In urban smog three European capitals, the researchers were able to identify particles of cosmic dust.
Microscopic particles, most of which remained as the residue in the time of the formation of the Solar system, about 4.6 billion years ago, showered the planet is weak, but steady stream. According to some estimates, every year the Earth’s surface reaches tens of thousands of tons of space dust that could serve as a valuable material for research. However, in order to separate it from the dust of the earth, scientists have to go to Antarctica and to provide particles of extremely pure deposits of ice.
To separate the worldly dust particles from the space managed by the authors of the new work, the results of which are published in the journal Geology. Help scientists have appealed to enthusiasts of the Association of Project Stardust, who are addicted to the search for and study of micrometeorites. They helped Matthew Genji (Matthew Genge) from Imperial College London and his colleagues to collect about 300 kg of dust from the roofs of European capitals – Paris, Berlin and Oslo. Based on the fact that contained in cosmic dust iron gives it magnetic properties, scientists were able to highlight this significant volume of about 500 of its particles.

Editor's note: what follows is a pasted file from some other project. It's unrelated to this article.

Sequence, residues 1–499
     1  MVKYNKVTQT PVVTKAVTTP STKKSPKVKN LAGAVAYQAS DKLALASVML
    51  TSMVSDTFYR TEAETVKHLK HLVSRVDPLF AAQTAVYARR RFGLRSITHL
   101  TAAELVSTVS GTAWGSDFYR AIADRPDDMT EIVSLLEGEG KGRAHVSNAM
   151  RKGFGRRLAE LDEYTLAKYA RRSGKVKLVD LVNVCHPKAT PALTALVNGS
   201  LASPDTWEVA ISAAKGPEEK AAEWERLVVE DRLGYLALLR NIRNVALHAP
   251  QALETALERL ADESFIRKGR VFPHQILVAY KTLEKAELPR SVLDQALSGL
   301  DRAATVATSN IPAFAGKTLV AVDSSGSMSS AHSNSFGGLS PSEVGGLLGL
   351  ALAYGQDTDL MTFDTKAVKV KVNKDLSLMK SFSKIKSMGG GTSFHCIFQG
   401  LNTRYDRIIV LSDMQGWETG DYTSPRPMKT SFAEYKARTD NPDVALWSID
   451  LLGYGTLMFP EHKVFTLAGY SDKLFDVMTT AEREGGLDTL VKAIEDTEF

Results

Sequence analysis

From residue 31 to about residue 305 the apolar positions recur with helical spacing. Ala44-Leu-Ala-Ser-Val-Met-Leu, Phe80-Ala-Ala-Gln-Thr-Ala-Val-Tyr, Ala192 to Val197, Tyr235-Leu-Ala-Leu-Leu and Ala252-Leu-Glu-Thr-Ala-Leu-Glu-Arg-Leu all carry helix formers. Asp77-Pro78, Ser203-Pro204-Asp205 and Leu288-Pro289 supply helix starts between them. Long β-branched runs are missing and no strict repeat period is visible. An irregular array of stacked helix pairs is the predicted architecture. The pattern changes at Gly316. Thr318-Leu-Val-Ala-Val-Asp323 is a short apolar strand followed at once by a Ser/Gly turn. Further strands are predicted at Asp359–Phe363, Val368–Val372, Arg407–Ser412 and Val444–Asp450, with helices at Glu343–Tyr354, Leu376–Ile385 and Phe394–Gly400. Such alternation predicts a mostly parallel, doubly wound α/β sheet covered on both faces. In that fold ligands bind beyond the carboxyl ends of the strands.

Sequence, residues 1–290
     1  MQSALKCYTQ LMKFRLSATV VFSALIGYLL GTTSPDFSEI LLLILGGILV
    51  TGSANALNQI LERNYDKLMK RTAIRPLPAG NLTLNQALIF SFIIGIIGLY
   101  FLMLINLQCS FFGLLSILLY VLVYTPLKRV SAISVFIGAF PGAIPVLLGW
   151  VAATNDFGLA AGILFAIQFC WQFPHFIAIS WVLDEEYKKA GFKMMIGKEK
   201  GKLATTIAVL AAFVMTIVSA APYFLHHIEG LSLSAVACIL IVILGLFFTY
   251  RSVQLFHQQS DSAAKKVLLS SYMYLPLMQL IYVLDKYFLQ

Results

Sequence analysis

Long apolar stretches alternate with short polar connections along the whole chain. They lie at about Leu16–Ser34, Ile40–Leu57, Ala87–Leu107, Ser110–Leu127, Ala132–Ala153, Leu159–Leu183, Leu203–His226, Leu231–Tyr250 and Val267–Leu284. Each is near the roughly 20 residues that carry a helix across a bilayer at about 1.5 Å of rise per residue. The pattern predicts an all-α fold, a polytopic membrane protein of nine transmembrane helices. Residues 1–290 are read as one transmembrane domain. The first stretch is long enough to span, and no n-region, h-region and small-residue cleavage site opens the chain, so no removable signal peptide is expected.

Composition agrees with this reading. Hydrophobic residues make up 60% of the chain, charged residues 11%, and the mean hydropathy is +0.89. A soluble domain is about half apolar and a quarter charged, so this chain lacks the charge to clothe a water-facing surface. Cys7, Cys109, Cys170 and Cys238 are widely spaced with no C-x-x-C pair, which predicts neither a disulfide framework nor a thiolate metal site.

After reviewing them, Genji and co-authors noted that particles of “urban” space dust is slightly larger than the ones used by the researchers. Their size is about 300 µm, while the “Antarctic” particles rarely exceed 100 µm. During the passage through the atmosphere these silicon “cosmic spherules” have heated up and lost its rounded shape. According to scientists, they entered the Earth’s atmosphere at a very high average speed – around 12 km/s.
The particles are also visible per’evidnye crystal structure, but the number of such entities is small in comparison to that observed in particles of “Antarctic” of dust that are dated millions of years ago. This scientists associated with changes in the position of the planets of the Solar system, the gravitational and magnetic fields which could influence the trajectory and growth of particles of cosmic dust.